To everyone who downloaded it, thank you, and enjoy. Let me know what you think. It’s one of my favorites – Al was a fun character to write, and it was a delight to do so. I hope you enjoy reading about his exploits as much as I enjoyed creating him.
If you like this blog, hit the green “Stumbleupon” button at the bottom and recommend it to others. Spread the word. Oh, and vote for me for a shorty award so you can watch me annoy legitimate talents with my inappropriate antics at the presentation ceremony. I understand drinking may be involved. Wink.
I’ve had numerous folks ask me who my cover artist is. E-mail me through this site and I’ll give you the skinny. Good, fast and cheap.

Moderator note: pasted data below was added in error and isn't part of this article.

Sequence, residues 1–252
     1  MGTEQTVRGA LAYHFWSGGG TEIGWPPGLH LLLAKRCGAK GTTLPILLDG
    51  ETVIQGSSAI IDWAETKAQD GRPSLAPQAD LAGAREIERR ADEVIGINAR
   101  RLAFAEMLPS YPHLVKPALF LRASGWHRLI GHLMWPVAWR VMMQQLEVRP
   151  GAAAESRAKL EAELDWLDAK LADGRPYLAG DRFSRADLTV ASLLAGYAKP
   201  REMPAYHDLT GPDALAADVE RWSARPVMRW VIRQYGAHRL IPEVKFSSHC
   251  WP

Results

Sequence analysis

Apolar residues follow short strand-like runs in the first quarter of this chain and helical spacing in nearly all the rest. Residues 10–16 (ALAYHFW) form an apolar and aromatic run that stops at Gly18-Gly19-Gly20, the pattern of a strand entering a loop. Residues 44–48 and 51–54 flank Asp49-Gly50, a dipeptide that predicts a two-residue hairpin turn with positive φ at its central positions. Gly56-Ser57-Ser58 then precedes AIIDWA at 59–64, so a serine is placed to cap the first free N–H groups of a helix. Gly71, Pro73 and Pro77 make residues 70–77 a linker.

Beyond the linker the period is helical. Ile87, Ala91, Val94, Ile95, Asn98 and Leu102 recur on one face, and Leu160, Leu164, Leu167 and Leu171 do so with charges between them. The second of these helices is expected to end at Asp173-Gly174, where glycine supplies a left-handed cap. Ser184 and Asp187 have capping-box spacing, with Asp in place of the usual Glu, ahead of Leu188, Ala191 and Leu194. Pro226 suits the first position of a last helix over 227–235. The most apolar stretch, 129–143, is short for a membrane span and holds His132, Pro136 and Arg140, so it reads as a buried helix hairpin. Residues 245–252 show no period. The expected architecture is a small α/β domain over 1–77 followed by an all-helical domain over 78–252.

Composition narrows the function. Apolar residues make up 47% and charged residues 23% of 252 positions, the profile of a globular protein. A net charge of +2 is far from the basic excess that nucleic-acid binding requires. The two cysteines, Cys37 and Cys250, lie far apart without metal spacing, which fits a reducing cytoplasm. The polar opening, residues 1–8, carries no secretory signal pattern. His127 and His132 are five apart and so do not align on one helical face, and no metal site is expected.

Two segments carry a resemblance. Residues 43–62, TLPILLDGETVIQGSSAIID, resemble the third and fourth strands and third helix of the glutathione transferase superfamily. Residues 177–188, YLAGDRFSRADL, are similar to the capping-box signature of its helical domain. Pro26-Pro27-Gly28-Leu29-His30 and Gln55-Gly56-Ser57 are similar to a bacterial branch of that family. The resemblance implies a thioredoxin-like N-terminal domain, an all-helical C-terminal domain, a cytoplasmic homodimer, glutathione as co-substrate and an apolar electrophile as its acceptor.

URGENT: Need some help from my readers. Book 1 of The Delphi Chronicle trilogy, The Manuscript, is now FREE at B&N. I could use some help from readers by having them go to Amazon and right under the rankings, select the button that says “Tell us about a lower price” and then enter the B&N link and 0.00. The B&N link is: http://www.barnesandnoble.com/w/the-delphi-chronicle-book-1-the-manuscript-russell-blake/1108076528?ean=2940032924692&itm=1&usri=the+delphi+chronicle%2c+book+1+the+manuscript
The Amazon link is: http://www.amazon.com/dp/B006NAY30O
Thank you everyone for doing this. It helps Amazon maintain price matching, and is good for everyone.
Normally, I write books. On the whole, they’re serious thriller pieces, third person, past tense, and don’t veer into the realm of the speculative or the absurd. Over the holiday I decided to try my hand at first person, present tense, in a decidedly silly and surrealistic mood – the truth is I wanted to do something new, push the envelope, climb a new mountain. The result is, well, different than anything else I’ve written.